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I have to access the 'small' part of soldered header pins. Female jumpers cannot be placed there as the small part is too small. So i thought extending the small part of the header pins so they can fit inside a female jumper.

So i removed the metal part of a header pin and tried to solder it with the small part (the bottom part) of the pin header.

It was really difficult to solder with only two hands, but i managed to do it. The thing is, it has broken two times already. It is too weak. I cannot do it again, only for the frustration it will break again.

So what is the best way to extend a header pin?

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  • \$\begingroup\$ You have tried the only viable way to extend a pin, but why go to so much trouble when you can buy headers with equal length pins on both sides. \$\endgroup\$ – Steve G Sep 30 '17 at 18:31
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    \$\begingroup\$ Because it is already soldered. And i cannot deal with unsoldering it. With my equipment, its near impossible. Plus i can damage the board \$\endgroup\$ – user1584421 Sep 30 '17 at 18:43
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    \$\begingroup\$ Can you add a photo of what you are working with? \$\endgroup\$ – Andrew Morton Sep 30 '17 at 19:11
  • \$\begingroup\$ Instead of trying to solder a new connector, can you use crown or cup Pogo Pins? \$\endgroup\$ – Chris Ryding Sep 30 '17 at 22:43
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enter image description here

Figure 1. Double-sided header pins.

Get some of the double-sided header pins and solder these to the underside of the board. It may be a bit tall but electrically will be OK.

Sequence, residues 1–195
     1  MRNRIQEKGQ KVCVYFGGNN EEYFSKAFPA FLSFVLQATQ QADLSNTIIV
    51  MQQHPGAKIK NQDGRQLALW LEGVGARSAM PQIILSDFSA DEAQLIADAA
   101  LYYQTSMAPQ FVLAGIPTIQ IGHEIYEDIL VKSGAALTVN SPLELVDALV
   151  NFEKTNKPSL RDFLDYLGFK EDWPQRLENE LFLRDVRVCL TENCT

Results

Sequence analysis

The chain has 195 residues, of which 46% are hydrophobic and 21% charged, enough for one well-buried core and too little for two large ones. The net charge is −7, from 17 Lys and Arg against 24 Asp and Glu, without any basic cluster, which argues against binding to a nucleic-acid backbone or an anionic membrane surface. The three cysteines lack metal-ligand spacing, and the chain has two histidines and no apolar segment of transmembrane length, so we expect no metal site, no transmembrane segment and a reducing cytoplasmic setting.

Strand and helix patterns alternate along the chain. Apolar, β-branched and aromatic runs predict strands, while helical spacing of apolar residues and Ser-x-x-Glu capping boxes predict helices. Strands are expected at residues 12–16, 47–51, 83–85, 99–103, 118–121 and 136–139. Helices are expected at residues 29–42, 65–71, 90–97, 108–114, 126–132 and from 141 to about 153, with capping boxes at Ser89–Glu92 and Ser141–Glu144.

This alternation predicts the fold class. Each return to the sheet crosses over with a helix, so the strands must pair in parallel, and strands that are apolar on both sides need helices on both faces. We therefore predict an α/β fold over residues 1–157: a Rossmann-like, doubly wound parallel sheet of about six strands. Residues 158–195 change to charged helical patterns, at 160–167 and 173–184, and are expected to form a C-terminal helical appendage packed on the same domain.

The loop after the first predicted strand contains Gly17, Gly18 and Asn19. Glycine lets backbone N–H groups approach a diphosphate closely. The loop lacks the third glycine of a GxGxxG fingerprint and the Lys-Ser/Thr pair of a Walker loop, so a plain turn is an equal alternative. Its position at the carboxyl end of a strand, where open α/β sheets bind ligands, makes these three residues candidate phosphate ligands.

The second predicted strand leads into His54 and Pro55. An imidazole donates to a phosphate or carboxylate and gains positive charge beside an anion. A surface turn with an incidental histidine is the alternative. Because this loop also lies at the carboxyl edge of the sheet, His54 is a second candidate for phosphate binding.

Cut the strip to length, tin each of the pins, line it up with the pins on your PCB and tack-solder to the highest pin on your PCB. Then connect the end pins to the PCB pins. Finish off the rest.

It may be stronger and easier if you mount the extensions behind the existing pin stubs so that they're almost touching the board. That way you will be joining them along along parallel faces rather than just at the ends.

Regarding your soldering skills, you can aspire to this:

enter image description here

Source: Little wire dead-bug art.

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The only real solution is to de-solder the exiting header and install a proper header with equal sized pins. Anything else will not be mechanically strong enough to survive connecting and de-connecting female headers.

Consider this an opportunity to develop and enhance your desoldering skills...or an excuse to get new or better equipment :>)

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I found a solution to my problem. I soldered 90 degree header pins to the existing standard header pins.

Like these:

right-angle pins

Source

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